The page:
The classic misstep is to build too many activities into your model. It’s not a disaster if you do this, but can make life difficult later on. Going down to too detailed a level makes it harder to collect the data, harder to maintain the model, and, crucially, harder to identify the most appropriate action to take based on the model’s output. One of the major benefits of an activity-based model is that it shows you how you can improve performance. With a large Activity Dictionary, the vast majority of activities are, in themselves, immaterial.
The reasons why activity-based models end up with large Activity Dictionaries are understandable. It feels safer, for one thing: it seems like you’re less likely to have missed anything if you’ve gone down to a fine level of detail.
It’s also flattering to have a lot of activities, isn’t it? Or conversely, it’s a bit worrying for one person, team or department to be thought of as only doing one thing.
However, it’s important to realise, and to communicate to stakeholders, that only having one activity assigned to you in an activity-based costing model doesn’t mean that you’re only doing one thing, or that what you’re doing isn’t important. A single activity in a high-level model can – usually does – represent something vital to the organisation, and something that actually comprises plenty of varied work, but it might be that it’s currently enough for the model to work at that high level.
For example, here’s a high-level activity, taken from an example Activity Dictionary in Lianabel Oliver’s The Cost Management Toolbox.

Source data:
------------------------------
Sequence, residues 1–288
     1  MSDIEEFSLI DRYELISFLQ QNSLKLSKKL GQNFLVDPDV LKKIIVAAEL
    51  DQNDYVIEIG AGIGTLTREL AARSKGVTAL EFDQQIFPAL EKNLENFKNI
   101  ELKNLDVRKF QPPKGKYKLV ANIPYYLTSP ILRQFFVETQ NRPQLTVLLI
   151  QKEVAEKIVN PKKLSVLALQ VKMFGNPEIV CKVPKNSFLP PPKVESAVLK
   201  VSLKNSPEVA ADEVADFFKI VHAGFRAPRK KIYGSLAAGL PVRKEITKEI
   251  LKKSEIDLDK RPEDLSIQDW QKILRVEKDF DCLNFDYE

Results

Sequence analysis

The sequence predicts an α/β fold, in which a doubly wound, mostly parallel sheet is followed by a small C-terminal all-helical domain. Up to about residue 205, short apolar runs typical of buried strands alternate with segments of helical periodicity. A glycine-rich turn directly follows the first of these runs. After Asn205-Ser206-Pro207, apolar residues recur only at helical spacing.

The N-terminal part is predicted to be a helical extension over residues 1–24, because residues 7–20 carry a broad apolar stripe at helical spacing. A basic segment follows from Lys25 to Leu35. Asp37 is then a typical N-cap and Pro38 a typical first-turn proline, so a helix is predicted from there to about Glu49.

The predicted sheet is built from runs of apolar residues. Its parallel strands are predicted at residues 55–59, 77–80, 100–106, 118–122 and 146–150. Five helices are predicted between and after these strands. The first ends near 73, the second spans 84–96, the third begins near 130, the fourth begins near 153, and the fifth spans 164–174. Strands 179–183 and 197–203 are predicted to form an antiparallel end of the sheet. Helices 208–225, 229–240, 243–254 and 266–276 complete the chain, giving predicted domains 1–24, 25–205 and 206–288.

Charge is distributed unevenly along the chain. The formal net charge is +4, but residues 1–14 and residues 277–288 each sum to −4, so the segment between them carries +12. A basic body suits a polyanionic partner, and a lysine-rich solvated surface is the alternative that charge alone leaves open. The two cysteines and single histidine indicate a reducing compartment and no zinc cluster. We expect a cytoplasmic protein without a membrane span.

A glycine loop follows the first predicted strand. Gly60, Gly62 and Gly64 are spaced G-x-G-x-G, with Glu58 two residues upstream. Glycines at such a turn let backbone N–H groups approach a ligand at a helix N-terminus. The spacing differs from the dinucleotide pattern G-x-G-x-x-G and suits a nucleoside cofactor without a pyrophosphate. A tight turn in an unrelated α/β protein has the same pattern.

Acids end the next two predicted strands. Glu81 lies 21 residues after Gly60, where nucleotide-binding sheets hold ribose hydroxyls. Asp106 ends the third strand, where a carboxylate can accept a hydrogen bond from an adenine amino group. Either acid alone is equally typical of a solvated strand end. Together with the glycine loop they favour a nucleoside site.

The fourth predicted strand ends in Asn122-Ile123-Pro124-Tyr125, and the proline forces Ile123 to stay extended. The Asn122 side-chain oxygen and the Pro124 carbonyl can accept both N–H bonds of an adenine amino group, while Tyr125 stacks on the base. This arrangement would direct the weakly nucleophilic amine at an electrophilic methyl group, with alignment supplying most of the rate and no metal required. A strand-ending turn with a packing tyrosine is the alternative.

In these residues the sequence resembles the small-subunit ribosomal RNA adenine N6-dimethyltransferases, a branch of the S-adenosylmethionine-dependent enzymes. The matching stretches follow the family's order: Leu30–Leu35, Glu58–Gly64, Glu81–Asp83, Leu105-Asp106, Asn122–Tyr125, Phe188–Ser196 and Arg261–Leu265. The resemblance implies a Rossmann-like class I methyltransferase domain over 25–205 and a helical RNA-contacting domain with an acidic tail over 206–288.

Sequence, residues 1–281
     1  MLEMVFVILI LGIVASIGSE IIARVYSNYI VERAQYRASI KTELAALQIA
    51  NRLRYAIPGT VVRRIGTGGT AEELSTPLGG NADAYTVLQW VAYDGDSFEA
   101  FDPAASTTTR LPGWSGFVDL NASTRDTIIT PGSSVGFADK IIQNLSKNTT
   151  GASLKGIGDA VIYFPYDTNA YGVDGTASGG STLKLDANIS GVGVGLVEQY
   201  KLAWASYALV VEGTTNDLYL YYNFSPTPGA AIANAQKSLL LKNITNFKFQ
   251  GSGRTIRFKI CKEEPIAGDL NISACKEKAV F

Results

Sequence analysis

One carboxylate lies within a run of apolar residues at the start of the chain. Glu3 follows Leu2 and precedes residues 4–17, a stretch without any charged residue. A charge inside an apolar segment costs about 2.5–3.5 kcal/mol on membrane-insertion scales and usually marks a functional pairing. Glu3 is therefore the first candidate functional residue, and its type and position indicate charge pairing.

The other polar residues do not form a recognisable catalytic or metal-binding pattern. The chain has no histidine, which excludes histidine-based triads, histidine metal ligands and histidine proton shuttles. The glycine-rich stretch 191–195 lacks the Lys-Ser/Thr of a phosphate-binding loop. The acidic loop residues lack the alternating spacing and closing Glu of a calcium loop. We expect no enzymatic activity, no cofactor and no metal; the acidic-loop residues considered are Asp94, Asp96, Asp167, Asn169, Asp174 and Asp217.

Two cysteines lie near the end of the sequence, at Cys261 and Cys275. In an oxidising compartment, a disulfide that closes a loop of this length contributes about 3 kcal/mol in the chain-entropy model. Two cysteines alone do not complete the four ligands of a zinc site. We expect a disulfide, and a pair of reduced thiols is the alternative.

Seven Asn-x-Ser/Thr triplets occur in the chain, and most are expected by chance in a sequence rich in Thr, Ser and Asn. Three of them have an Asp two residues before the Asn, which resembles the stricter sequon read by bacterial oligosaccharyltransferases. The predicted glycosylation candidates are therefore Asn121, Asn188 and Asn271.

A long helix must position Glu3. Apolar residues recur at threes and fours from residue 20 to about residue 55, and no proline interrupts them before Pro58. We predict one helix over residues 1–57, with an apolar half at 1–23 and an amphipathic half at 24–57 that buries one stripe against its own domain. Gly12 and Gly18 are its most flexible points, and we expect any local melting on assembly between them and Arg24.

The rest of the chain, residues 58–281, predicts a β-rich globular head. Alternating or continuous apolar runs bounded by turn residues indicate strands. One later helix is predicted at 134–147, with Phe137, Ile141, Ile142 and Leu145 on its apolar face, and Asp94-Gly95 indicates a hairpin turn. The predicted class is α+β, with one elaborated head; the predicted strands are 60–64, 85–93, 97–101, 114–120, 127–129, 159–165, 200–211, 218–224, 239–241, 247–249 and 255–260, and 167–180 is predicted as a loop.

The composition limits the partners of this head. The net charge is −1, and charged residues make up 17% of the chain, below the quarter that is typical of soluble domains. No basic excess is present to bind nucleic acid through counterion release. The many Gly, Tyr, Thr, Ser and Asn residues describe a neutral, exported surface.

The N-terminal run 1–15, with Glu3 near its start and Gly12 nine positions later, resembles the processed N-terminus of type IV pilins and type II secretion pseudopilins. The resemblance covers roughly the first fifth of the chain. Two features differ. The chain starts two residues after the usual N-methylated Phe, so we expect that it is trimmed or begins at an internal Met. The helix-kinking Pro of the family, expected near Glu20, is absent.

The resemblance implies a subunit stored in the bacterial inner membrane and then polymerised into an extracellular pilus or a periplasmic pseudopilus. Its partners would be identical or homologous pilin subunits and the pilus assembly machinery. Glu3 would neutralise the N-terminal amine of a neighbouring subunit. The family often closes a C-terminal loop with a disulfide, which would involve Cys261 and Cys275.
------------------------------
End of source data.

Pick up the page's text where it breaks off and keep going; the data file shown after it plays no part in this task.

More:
Depending on the type of analysis required, the first column might be a good choice for an activity. If you want to do a strategic analysis, then as few as twenty or thirty activities might be enough. This level of detail might be a bit more towards the “process” level than the “activity”, but that’s not necessarily a bad thing. Modelling at this level could give you some useful unit rates, let you benchmark your plants against each other, identify which plants are potentially areas of best practice within your organisation, and identify possible areas for outsourcing.
It’s relatively easy to add detail to the basic strategic Activity Dictionary. Using the same example as above, you could expand your original model by splitting selected activities, or indeed all activities, into more detailed items.
Splitting the activities like this can give you:
An idea of how the original activity’s costs are distributed across the new, more detailed ones
The ability to use different drivers for the some or all of the detailed activities